Tuesday, November 22, 2011

Trespassing, Ex-Boyfriends, and Bad Directions: Poetry

Reading and struggling to interpret famous poetry, I've come to the conclusion that complex poetry needs to be translated into modern circumstance and language. So, for you understanding, here are three famous poems, updated.

Stopping by Woods on a Snowy Evening by Robert Frost

Whose woods these are I think I know.
His house is in the village, though;
He will not see me stopping here
To watch his woods fill up with snow.
My little horse must think it queer
To stop without a farmhouse near
Between the woods and frozen lake
The darkest evening of the year.

He gives his harness bells a shake
To ask if there is some mistake.
The only other sound's the sweep
Of easy wind and downy flake.
The woods are lovely, dark and deep,
But I have promises to keep,
And miles to go before I sleep,
And miles to go before I sleep.

Trespassing on a Freezing Day                               Translated by Hannah Hoo
I think I know whose backwoods I’m trespassing in,
But it’s ok because his house is near town
So he (probably) won't catch me
Taking my dog on a bathroom break in the snow.
My dog must think it’s weird
Being out here without any people or places around
We passed the trees but haven't gotten past the lake yet
Boy, I hate that daylight saving time.

His dog collar tags clink,
that dumb dog looks so confused.
Pretty quiet out here
Except for this bleeping cold blizzard.
It ain't to bad out here, 
But "Days of Our Lives" is on in half an hour,
and I’ve got a ways to walk before I can fall asleep on the sofa
my cushy, worn-in sofa. 

Ozymandias of Egypt 
by Percy Bysshe Shelley 

I met a traveller from an antique land 
Who said:—Two vast and trunkless legs of stone 
Stand in the desert. Near them on the sand, 
Half sunk, a shatter'd visage lies, whose frown 
And wrinkled lip and sneer of cold command 
Tell that its sculptor well those passions read 
Which yet survive, stamp'd on these lifeless things, 
The hand that mock'd them and the heart that fed. 
And on the pedestal these words appear: 
"My name is Ozymandias, king of kings: 
Look on my works, ye mighty, and despair!" 
Nothing beside remains: round the decay 
Of that colossal wreck, boundless and bare, 
The lone and level sands stretch far away. 

"Meet Me By That One Statue!"
Translated by Hannah Hoo

I met this tourist in Egypt
He told me to meet him by the statue with the huge calves of stone
Said its in the desert, "Near the sand". Wow, helpful.
Half in the sand with a busted up face, frowning obviously,
what statue wouldn't have wrinkly lips and a cold sneer after being beat up?
The sculptor must have had a great grasp of the obvious,
You can see it in the lifeless statue.
What a stupid idea for a meeting place.
The tourist says the statue's nametag reads "Hello! My name is Ozymandias, king of kings:
Look on my works, ye mighty, and despair!"
Apparently its in the middle of nowhere
Just the hunk of bare stone
Alone in the sand.

I Wandered Lonely As A Cloud by William Wordsworth
I wandered lonely as a cloud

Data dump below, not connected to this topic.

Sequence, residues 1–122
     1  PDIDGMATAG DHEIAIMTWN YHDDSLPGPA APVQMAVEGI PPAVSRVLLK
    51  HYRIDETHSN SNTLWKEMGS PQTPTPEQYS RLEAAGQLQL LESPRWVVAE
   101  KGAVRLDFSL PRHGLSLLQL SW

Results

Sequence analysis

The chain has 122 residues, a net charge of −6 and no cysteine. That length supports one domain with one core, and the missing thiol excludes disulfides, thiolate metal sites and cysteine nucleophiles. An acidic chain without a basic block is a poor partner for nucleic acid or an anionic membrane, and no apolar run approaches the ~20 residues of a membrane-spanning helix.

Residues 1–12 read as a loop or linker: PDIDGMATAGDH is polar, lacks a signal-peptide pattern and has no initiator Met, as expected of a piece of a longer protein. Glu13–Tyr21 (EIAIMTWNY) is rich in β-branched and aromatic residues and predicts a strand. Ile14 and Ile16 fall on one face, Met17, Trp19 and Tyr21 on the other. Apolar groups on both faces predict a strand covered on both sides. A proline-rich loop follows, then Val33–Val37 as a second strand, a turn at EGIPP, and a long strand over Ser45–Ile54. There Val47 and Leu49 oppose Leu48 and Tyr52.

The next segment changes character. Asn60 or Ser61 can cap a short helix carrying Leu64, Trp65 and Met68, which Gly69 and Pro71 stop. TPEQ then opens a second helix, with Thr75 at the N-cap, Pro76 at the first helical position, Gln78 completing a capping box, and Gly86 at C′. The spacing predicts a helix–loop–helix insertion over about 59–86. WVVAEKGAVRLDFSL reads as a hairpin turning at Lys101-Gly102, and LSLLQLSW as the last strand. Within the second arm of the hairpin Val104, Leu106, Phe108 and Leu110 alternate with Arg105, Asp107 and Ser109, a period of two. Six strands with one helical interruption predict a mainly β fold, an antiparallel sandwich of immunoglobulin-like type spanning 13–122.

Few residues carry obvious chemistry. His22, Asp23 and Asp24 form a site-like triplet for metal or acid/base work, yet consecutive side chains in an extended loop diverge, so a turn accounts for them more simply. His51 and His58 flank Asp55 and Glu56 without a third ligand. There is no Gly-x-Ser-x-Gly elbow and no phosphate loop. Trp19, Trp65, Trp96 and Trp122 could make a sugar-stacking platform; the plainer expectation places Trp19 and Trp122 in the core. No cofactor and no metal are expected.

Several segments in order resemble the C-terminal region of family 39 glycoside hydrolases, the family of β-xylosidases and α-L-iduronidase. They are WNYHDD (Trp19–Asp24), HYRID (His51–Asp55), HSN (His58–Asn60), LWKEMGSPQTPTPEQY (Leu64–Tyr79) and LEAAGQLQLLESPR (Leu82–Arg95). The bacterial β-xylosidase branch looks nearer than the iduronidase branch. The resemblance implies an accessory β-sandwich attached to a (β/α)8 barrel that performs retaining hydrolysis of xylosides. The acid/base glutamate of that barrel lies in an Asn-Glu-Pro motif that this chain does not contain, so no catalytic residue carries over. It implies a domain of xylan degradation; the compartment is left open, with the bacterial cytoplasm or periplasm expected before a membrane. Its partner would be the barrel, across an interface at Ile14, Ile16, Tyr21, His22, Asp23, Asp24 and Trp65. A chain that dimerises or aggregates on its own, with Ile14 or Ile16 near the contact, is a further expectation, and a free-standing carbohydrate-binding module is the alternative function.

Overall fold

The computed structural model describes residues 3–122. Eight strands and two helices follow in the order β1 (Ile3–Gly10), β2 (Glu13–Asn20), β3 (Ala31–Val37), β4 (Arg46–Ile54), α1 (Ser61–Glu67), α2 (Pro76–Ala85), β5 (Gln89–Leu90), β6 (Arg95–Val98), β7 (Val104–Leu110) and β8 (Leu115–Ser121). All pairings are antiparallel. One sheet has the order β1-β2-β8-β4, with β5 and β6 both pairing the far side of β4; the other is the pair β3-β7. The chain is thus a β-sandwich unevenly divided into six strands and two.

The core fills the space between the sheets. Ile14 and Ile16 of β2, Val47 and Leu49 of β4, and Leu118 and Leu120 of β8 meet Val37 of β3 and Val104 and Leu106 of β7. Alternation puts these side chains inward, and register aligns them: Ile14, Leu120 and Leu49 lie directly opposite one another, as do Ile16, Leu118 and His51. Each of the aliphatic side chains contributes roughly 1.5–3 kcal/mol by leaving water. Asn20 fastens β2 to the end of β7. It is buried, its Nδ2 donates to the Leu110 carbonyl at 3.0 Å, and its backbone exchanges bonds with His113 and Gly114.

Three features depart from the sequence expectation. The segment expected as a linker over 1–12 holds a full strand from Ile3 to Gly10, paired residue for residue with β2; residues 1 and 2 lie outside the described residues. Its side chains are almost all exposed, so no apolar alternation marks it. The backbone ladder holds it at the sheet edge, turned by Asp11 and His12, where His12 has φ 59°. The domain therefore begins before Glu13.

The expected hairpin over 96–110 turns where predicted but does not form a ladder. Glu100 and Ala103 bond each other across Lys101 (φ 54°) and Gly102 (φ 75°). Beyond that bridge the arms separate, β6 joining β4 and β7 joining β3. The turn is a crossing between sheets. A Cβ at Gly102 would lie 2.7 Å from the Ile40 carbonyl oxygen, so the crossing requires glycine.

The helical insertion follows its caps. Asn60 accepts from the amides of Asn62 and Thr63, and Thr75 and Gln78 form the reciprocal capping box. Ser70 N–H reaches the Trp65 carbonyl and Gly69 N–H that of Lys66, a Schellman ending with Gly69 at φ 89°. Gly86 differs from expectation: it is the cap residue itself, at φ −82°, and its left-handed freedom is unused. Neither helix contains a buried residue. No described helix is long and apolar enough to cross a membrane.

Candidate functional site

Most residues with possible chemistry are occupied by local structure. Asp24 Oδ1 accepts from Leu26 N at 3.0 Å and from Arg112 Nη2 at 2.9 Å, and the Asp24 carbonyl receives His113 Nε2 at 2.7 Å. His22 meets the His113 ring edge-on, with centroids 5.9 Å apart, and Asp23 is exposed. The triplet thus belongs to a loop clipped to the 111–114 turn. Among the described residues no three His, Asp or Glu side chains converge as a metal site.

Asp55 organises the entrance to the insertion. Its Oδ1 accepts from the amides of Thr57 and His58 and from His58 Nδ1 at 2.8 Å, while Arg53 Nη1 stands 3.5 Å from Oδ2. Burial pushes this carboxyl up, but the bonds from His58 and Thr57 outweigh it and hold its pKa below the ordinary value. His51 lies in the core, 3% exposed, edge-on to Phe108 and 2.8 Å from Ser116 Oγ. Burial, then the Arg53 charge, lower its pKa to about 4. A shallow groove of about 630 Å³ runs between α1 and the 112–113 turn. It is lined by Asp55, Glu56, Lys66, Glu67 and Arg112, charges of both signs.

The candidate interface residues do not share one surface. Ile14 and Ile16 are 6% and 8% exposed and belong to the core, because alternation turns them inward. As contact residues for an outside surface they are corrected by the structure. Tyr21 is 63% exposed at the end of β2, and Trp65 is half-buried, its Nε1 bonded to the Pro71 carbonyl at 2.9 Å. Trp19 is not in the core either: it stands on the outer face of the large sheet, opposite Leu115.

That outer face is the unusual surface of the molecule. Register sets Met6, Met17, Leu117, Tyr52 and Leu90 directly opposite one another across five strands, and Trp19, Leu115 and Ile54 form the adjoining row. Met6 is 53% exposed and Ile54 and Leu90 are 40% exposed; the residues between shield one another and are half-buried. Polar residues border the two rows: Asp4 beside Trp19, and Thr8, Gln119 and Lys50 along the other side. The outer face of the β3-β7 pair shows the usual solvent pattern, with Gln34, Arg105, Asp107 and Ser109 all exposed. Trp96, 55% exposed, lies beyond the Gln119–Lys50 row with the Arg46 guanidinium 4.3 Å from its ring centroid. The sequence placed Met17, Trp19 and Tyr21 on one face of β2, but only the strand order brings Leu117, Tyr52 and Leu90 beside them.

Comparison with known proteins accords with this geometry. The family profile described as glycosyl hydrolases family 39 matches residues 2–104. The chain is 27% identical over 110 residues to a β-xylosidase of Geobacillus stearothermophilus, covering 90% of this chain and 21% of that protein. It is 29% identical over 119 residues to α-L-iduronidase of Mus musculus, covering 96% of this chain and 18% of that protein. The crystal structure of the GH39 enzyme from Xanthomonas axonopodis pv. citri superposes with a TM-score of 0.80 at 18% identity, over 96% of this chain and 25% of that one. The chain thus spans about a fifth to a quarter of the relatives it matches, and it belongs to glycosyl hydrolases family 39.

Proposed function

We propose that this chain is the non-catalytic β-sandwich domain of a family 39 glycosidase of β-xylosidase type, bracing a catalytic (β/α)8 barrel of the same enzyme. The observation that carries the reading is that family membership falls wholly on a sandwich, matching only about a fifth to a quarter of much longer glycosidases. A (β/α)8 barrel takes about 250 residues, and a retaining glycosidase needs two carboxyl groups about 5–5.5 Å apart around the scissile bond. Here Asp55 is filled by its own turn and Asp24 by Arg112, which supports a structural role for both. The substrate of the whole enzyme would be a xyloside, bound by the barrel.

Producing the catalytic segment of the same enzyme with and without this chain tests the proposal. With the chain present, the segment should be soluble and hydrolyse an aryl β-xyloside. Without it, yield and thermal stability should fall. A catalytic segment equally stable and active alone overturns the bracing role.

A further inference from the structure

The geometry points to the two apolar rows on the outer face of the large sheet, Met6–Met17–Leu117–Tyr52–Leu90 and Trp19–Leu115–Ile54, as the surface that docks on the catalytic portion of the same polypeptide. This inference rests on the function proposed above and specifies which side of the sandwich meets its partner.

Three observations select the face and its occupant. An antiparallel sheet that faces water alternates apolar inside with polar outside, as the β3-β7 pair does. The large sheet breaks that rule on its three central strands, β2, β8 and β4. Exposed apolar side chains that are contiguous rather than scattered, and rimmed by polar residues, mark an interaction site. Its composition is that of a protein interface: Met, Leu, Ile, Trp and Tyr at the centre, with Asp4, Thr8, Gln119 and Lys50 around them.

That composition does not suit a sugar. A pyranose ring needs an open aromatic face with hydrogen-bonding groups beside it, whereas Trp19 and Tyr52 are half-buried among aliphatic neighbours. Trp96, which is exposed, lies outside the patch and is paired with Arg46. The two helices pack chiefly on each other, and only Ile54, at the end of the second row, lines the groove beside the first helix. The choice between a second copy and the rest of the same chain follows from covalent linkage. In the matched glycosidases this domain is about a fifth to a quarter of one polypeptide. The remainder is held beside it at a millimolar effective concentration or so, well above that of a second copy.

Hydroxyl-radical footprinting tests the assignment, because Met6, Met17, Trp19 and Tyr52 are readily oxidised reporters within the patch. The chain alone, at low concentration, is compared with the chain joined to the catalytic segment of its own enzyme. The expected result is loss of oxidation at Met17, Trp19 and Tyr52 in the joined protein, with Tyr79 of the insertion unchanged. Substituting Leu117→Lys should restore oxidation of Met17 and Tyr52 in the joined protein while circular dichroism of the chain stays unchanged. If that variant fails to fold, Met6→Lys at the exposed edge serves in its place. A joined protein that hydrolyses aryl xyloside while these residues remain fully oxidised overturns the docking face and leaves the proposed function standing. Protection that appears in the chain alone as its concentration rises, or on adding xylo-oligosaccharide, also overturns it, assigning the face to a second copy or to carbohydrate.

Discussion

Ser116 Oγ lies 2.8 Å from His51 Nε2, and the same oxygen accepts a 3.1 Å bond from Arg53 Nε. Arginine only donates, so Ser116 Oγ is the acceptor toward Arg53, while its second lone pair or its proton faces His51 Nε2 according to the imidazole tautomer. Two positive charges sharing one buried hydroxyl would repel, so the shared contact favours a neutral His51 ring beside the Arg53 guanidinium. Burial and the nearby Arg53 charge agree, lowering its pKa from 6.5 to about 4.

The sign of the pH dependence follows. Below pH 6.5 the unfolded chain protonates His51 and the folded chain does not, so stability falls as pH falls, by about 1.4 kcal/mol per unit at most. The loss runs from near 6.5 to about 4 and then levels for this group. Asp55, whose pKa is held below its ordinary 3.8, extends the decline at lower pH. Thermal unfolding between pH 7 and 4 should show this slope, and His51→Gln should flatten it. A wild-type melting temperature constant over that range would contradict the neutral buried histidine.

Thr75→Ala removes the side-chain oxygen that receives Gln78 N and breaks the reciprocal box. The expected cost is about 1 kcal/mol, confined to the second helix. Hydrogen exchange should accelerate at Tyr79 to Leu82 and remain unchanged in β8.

That floats on high o'er vales and hills,
When all at once I saw a crowd,
A host, of golden daffodils;
Beside the lake, beneath the trees,
Fluttering and dancing in the breeze.

Continuous as the stars that shine
And twinkle on the milky way,
They stretched in never-ending line
Along the margin of a bay:
Ten thousand saw I at a glance,
Tossing their heads in sprightly dance.

The waves beside them danced, but they
Out-did the sparkling leaves in glee;
A poet could not be but gay,
In such a jocund company!
I gazed—and gazed—but little thought
What wealth the show to me had brought:

For oft, when on my couch I lie
In vacant or in pensive mood,
They flash upon that inward eye
Which is the bliss of solitude;
And then my heart with pleasure fills,
And dances with the daffodils.

I'm So Lonely Ever Since My Boyfriend Broke Up With Me
Translated by Hannah Hoo

I walk around with no purpose, like a stupid fluffy cloud
Raining over everyone's parades.
I see a group of cute guys
Playing tackle football under a tree near the lake in the park
Jumping and smashing each other

Gosh, they were fit
Their eyes even twinkled, like in movies
It seemed like a never ending line of pulchritudinous college boys
Haha, that one almost got pushed into the lake
There must be thousands of them
Leaping after the football

I think even the lake has a crush on them
And the trees are crying leaves the guys are so attractive
Even a poet would go gay
After watching them play football!
I drooled, watching them like a mindless zombie
They should charge admission to this park.

When I go home and fling my broken heart on the couch
Depressed about my failed love
I'll just think about those guys
And i'll turn off my phone and ignore the world.
For a while I can forget my ex and be happy,
and remember that there are more fish in the sea. 

All the Worlds a Blog,


  1. Oh Hannah, I feel the pain of that last poem. Last is always best, and my you have gotten much better at poetry! :)

  2. Gerard Manley Hopkins is the boss!